How To Prevent Getting Sick When You Travel
By the editors of Prevention
Vacation is about relaxing, and you don't want to start it with the sniffles and sneezes -- or worse, a full-blown cold. Yet that's what often happens to travel-weary vacationers, says Douglas Schar, DipPhyt, MCPP, MNIMH, a clinical herbalist based in Washington, DC. Here's how to protect yourself from illness, get a good night's sleep and get out of the hotel without spending more on snack bar goodies than you do on the room.
Echinacea is an herb that boosts the immune system by stimulating the production of infection-fighting white blood cells. Start taking it five days before you leave for vacation, and continue for five days after your return. Dosage: 1 teaspoon of 1:5 tincture three times daily, or one 500-mg tablet three times daily.
Before clearing TSA, you’ll be asked to step out of your shoes. Trust us, that floor sees a lot of bare feet. “If your feet are sweaty, you can get a bacterial or fungal infection,” says Michael Zimring, MD, director of the Center for Wilderness and Travel Medicine at Mercy Medical Center in Baltimore. “The floor is dirty and people are walking all over it. Who knows what is on there?”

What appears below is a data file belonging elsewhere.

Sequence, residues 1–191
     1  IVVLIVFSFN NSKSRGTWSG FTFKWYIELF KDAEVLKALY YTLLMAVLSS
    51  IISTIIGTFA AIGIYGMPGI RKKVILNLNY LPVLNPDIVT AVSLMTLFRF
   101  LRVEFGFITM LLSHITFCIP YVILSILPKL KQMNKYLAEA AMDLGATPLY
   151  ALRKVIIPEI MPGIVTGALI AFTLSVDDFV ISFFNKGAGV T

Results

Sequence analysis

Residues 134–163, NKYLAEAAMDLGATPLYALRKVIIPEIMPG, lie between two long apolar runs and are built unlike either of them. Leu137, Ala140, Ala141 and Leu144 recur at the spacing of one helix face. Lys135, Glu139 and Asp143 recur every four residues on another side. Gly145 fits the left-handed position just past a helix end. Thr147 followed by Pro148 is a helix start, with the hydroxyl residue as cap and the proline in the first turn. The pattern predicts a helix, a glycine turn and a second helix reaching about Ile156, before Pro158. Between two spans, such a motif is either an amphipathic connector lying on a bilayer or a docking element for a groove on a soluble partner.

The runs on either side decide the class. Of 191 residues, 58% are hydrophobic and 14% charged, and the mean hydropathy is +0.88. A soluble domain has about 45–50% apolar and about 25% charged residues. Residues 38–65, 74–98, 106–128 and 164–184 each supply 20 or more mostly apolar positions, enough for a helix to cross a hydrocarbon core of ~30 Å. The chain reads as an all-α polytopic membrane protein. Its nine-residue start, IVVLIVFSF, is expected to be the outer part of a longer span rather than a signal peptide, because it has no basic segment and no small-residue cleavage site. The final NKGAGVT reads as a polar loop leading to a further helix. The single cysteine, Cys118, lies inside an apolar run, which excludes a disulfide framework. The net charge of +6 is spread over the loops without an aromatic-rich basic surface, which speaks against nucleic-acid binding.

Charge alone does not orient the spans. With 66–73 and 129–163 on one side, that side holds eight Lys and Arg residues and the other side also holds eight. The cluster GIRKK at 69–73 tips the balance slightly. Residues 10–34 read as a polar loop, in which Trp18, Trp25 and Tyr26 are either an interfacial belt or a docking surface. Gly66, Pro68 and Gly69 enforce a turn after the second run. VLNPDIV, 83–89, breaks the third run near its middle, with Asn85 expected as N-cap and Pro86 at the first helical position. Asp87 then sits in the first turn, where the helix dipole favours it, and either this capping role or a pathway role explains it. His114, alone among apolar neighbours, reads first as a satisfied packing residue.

Pack Chamomile Tea Bags
Chamomile can help take the edge off a stressful journey by relaxing a tense mind and sore muscles, according to Schar. It also has a sedative effect, so you'll be able to get a good night's sleep.
Love tea? Follow these 5 steps to brew the perfect cup.
Be Diligent About Hand Washing
Washing hands (or using a 60- to 70-percent-alcohol hand sanitizer) several times a day will kill germs acquired from contaminated surfaces like doorknobs, especially in highly populated areas like cruise ships. Before booking a cruise, check out the Vessel Sanitation Program at cdc.gov/travel for cleanliness reports for major cruise lines. On the plane, bring along hand sanitizers and antibacterial wipes for your hands, tray tables and armrests, which can be teeming with germs. Gross fact: Sixty percent of airplane food trays carry MRSA (Methicillin-resistant Staphylococcus aureus) bacteria.
The humidity level on an airplane is usually very low, says Mark Gendreau, MD, vice chair of emergency medicine at the Lahey Clinic in Burlington, Massachusetts. "Your nasal membranes become dehydrated, which makes you more susceptible to infection from passing germs." He suggests drinking lots of water, using saline nasal spray and keeping your hands off your face.
If you find H20 boring, add a bit of flavor with our popular Sassy Water recipe.
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